The fellow functions as part of the mental health team and attends morning rounds and participates in evaluating admissions to the residential unit. Caseloads average 12- 15 patients. Outpatient responsibilities include initial psychiatric evaluations, as well as continuing medication cases. Four hours on site are devoted to these duties, and caseloads average six to seven patients. Clinical training also occurs on the Intermediate Care Unit (ICU), CORP reentry unit, Residential Crisis Treatment Program (RCTP) and Special Housing Unit (SHU). Participation in Community Meetings and DOCS programming is also available, should the fellow be interested. Six hours will be devoted to these duties.

Our fellows spend two full days a week for four months at Sing Sing.

Depending on individual interest, fellows also have opportunities to visit and spend time at related facilities, including:

  • The Central New York Psychiatric Center (CNYPC) in Marcy, NY
  • Bedford Hills Correctional Facility, New York States’ only maximum facility for women.

NYC DOHMH/Correctional Health Service Mental Health Services

The mission of the Correctional Health Services division of the NYC Health and Hospitals Corporation is to provide quality mental health care to individuals in the custody of the New York City Department of Correction. Mental health services provided include the identification, diagnosis and treatment of mental illness. NYC Department of Corrections houses both sentenced and detainee adult/adolescent males and females at eight sites, seven of which are on Rikers Island.

In addition to mental health staff (e.g. psychiatrists and other mental health professionals, nurse practitioners, and physician assistants, discharge planners, and activity therapists), the facility is run by a full complement of medical staff including but not limited to physicians, physician assistants, nurses, substance abuse counselors and dentists. At any given time mental health services are provided to approximately one quarter (25%) of all inmates on Rikers Island.

Our forensic psychiatry fellows are given:

  • Training in conducting mental health assessments and continuing mental health treatment within the context of the correctional setting
  • An orientation to all services, policies and procedures
  • An orientation to Department of Corrections rules and regulations
  • Exposure to clinical administrative and treatment decision making within a correctional setting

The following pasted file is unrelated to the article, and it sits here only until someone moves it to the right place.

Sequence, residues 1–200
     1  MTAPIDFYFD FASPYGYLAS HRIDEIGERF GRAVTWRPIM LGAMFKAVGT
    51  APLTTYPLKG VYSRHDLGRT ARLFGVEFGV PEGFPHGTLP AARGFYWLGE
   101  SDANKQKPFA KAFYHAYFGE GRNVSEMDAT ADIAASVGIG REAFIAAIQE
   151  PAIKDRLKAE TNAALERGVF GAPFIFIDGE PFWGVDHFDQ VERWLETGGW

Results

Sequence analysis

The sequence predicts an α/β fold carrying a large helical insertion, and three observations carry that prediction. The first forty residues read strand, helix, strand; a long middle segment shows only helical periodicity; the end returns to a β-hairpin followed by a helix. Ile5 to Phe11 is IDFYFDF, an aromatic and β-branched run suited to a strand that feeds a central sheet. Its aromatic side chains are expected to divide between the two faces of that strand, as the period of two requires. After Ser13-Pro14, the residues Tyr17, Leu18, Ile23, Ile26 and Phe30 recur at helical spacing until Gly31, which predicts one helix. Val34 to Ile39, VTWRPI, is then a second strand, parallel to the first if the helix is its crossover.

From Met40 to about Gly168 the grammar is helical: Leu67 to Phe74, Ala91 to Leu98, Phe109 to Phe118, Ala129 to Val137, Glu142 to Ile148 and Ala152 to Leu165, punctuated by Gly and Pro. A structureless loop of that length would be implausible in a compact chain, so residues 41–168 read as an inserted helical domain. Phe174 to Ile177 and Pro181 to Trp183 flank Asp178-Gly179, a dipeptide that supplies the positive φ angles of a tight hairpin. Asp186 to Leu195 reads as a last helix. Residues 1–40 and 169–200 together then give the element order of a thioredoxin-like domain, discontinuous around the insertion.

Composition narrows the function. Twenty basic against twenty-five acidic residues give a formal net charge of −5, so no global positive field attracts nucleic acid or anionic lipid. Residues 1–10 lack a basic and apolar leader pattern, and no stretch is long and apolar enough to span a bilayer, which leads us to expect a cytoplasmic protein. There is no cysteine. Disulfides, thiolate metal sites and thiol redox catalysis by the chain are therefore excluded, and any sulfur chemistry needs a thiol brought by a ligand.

Our fellows spend one full day a week for four months at Rikers Island.

Correctional Health Services Forensic Psychiatric Evaluation Court Clinics (FPECC)

The four Court Clinics in the respective county/borough courthouses (Bronx, Brooklyn/Staten Island, Manhattan, and Queens,) - a forensic-evaluative rather than treatment division within the larger Correctional Health Services - are responsible for conducting competency to proceed evaluations under Criminal Procedure Law Article 730 (CPL 730) and pre-sentencing evaluations under Criminal Procedure Law Article 390 (CPL 390) for defendants with cases in the Criminal and Supreme Courts in New York City, the majority of whom are detained in the NYC jails. CPL 730 requires that two qualified examiners (board-eligible psychiatrists and/or licensed psychologists) conduct each evaluation and prepare written reports for the Court in a timely manner. Defendants, whether in custody or at liberty, are either produced in person to the relevant clinic location or, as and when deemed advisable due to COVID-19 precautions, seen remotely by videoconference. Court testimony is occasionally required at judicial hearings with respect to CPL 730 evaluations.

Fellows conduct these court-ordered psychiatric evaluations of adult criminal defendants related to competence to stand trial or pre-sentencing investigations in both Manhattan and the Bronx and prepare the required written reports. Both direct and indirect supervision is provided by the Manhattan FPECC Director as well as experienced colleagues during the court clinic rotation.

Our fellows spend one full day a week for four months on the FPECC rotation.